Soft Cheese for a Clean Planet

Soft Cheese for a Clean Planet. A foodie's guide to planet-friendly fromage. I'm planning a big holiday shindig, and I was going to put out my usual enormous cheese-and-cracker spread. This year I've been wondering: What's the environmental impact of cheese?


Cheese is certainly one of life's great pleasures. (The Lantern is with Liz Lemon and G.K Chesterton on this point.) But there's no doubt that cheese of any type—pasteurized or not; made from the milk of cows or goats or sheep—has a significant impact on the environment compared with other food products. So by all means enjoy your spread, but it might be worth scaling back a bit on the size for the sake of the planet.

It turns out that cheese may do as much harm to the environment as some kinds of meat. Based on figures from Sweden, the production of a 1.5-ounce serving of cheese might be expected to produce around 16 ounces of carbon dioxide equivalent. Depending on which study you consult, a 2- to 3-ounce serving of cooked, boneless chicken meat should yield between 4.3 and 31 ounces of CO2-equivalent (PDF). (You'd get about the same number of calories from each.)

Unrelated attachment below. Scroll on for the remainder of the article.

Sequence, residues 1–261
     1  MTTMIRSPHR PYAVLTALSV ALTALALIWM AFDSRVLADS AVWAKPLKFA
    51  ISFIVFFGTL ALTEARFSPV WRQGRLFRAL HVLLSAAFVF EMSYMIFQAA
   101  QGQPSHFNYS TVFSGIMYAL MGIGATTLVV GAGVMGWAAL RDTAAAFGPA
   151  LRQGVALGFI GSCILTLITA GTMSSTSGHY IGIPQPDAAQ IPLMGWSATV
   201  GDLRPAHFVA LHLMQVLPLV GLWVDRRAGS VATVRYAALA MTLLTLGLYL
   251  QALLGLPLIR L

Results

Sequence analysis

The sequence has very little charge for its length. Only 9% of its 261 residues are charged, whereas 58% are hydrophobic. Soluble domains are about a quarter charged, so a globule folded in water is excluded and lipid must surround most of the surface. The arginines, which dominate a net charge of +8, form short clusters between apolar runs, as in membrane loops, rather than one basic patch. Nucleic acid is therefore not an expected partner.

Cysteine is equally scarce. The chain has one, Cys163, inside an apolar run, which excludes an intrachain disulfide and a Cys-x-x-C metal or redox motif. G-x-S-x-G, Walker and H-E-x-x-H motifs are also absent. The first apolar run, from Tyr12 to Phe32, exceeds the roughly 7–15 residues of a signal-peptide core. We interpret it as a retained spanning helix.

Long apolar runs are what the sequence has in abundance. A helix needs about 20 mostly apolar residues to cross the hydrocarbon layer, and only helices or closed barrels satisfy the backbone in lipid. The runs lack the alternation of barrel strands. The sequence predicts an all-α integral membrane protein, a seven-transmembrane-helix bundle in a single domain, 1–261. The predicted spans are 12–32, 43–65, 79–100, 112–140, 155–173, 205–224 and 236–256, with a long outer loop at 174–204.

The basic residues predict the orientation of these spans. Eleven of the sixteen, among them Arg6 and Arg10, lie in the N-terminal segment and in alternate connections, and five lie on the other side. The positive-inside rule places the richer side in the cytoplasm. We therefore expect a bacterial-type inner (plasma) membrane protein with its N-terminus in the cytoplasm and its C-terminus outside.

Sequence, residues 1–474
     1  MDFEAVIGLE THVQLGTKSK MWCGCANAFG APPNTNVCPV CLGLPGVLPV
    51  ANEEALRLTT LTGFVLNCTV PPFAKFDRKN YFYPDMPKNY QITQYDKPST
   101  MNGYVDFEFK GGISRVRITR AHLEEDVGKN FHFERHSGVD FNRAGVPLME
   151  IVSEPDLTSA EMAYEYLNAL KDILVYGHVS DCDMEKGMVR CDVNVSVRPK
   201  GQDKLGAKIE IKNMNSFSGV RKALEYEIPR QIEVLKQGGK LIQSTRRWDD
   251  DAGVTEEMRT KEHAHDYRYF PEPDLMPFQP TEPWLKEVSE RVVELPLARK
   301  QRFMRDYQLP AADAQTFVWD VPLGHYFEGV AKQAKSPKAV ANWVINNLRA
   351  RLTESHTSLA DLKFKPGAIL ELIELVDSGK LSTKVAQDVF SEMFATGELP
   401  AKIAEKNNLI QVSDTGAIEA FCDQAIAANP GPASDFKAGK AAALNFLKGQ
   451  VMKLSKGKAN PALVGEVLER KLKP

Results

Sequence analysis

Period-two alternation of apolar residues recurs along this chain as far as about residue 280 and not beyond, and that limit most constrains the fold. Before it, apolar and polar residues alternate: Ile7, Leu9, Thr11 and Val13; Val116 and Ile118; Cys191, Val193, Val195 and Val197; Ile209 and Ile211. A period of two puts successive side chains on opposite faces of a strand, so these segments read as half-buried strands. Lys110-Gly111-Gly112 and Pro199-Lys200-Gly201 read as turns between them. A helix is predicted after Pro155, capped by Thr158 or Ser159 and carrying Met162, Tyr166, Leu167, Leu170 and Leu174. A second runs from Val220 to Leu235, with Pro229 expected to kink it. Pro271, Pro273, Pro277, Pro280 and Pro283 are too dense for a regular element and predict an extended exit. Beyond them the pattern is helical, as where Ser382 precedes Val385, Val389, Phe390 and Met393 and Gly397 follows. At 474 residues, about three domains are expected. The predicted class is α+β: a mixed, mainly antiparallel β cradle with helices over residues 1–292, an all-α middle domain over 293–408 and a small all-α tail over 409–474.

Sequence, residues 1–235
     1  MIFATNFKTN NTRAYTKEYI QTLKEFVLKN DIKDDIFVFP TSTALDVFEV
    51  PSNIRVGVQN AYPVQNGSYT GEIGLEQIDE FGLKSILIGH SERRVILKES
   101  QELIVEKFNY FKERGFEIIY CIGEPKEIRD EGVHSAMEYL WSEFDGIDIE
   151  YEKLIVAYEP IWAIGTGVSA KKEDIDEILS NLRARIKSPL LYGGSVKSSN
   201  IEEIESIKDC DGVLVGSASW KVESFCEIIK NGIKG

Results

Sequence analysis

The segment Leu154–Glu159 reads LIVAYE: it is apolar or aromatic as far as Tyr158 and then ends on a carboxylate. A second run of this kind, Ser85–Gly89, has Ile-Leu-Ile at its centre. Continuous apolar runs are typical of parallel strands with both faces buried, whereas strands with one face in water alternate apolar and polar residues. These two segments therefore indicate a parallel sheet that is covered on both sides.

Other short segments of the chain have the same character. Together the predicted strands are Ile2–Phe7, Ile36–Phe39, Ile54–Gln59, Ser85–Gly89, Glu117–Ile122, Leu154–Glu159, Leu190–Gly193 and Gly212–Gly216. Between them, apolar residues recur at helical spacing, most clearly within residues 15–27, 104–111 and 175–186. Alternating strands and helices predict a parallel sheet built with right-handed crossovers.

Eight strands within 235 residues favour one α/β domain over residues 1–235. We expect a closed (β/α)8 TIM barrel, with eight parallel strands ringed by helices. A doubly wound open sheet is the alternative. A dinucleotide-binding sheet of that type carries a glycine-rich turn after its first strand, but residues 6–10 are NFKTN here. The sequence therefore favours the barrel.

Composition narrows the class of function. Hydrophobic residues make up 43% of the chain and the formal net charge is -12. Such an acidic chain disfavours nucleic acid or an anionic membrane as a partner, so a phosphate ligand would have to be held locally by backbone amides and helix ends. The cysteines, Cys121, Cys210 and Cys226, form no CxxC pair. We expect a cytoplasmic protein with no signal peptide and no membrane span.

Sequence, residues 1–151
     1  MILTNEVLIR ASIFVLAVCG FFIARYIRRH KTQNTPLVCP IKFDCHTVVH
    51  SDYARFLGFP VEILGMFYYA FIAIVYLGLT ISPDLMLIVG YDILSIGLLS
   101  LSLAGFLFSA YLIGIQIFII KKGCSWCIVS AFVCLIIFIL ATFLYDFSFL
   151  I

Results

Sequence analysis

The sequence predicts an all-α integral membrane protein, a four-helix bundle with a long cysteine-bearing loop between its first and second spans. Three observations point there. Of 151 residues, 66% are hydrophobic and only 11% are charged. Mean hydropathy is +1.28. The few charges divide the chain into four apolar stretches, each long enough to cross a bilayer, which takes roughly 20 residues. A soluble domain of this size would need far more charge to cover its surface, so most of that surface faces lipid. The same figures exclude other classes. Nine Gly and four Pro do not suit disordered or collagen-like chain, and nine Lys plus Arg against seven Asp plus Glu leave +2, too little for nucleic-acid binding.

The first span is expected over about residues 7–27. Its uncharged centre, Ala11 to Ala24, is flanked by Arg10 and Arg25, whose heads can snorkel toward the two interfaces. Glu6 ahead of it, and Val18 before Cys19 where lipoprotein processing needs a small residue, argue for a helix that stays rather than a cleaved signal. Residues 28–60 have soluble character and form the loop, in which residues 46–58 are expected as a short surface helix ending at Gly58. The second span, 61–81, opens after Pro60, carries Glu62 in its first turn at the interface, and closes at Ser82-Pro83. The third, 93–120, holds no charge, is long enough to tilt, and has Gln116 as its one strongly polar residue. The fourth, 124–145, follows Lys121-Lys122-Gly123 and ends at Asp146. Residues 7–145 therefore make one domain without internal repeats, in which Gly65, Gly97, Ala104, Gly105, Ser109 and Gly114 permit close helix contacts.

Why is cheese so resource-intensive? As we've discussed before, raising a milk-bearing animal puts out a significant amount of greenhouse gases, thanks in large part to the methane those ruminants emit. Feed production also contributes to global warming, and animal waste has implications for both water and air quality. A 2002 life cycle assessment of a popular Swedish semi-hard cheese (the Seussian-sounding Ängsgården Hushållsost) found that milk alone accounted for 94 percent of the total greenhouse gases—not to mention 99 percent of the acidic compounds, 93 percent of the smog-creating particles, and nearly 100 percent of the substances that contribute to eutrophication, a kind of fish-killing nutrient pollution.

The good news is that the American dairy industry hopes to cut its greenhouse gas emissions by 25 percent in the next 10 years, through strategies like adjusting cows' diets and installing methane digesters to turn manure into electricity. Some farms are already implementing these measures, so you might want to look at where cheese makers are getting their milk.

The Lantern realizes it won't be easy to track down this information. But if the eerily well-informed salespeople at her local fromagerie are any indication, provenance is becoming more important in the cheese world, at least on the fancy end of the spectrum. And while artisanal cheeses aren't necessarily going to be greener than the mass-produced kind—particularly given that small cheese plants tend to be less energy-efficient than large ones—you will be able to learn more about your cheese if it comes from a small producer. ( )

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